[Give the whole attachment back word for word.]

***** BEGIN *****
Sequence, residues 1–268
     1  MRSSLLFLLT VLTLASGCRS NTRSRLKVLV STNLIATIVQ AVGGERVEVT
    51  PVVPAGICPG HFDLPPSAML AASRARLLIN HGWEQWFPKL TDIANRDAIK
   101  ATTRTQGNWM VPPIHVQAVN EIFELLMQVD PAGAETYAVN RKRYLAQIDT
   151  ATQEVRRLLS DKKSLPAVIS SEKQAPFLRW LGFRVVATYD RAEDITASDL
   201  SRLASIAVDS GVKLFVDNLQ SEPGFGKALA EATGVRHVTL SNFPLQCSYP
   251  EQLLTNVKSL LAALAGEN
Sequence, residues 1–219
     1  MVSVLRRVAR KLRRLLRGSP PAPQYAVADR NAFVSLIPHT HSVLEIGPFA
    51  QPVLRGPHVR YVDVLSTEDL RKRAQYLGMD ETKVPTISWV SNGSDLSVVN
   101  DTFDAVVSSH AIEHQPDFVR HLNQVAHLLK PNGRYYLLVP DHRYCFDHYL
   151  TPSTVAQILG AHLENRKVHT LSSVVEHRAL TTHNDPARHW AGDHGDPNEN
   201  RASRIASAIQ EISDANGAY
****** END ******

Sequence, residues 1–268
     1  MRSSLLFLLT VLTLASGCRS NTRSRLKVLV STNLIATIVQ AVGGERVEVT
    51  PVVPAGICPG HFDLPPSAML AASRARLLIN HGWEQWFPKL TDIANRDAIK
   101  ATTRTQGNWM VPPIHVQAVN EIFELLMQVD PAGAETYAVN RKRYLAQIDT
   151  ATQEVRRLLS DKKSLPAVIS SEKQAPFLRW LGFRVVATYD RAEDITASDL
   201  SRLASIAVDS GVKLFVDNLQ SEPGFGKALA EATGVRHVTL SNFPLQCSYP
   251  EQLLTNVKSL LAALAGEN
Sequence, residues 1–219
     1  MVSVLRRVAR KLRRLLRGSP PAPQYAVADR NAFVSLIPHT HSVLEIGPFA
    51  QPVLRGPHVR YVDVLSTEDL RKRAQYLGMD ETKVPTISWV SNGSDLSVVN
   101  DTFDAVVSSH AIEHQPDFVR HLNQVAHLLK PNGRYYLLVP DHRYCFDHYL
   151  TPSTVAQILG AHLENRKVHT LSSVVEHRAL TTHNDPARHW AGDHGDPNEN
   201  RASRIASAIQ EISDANGAY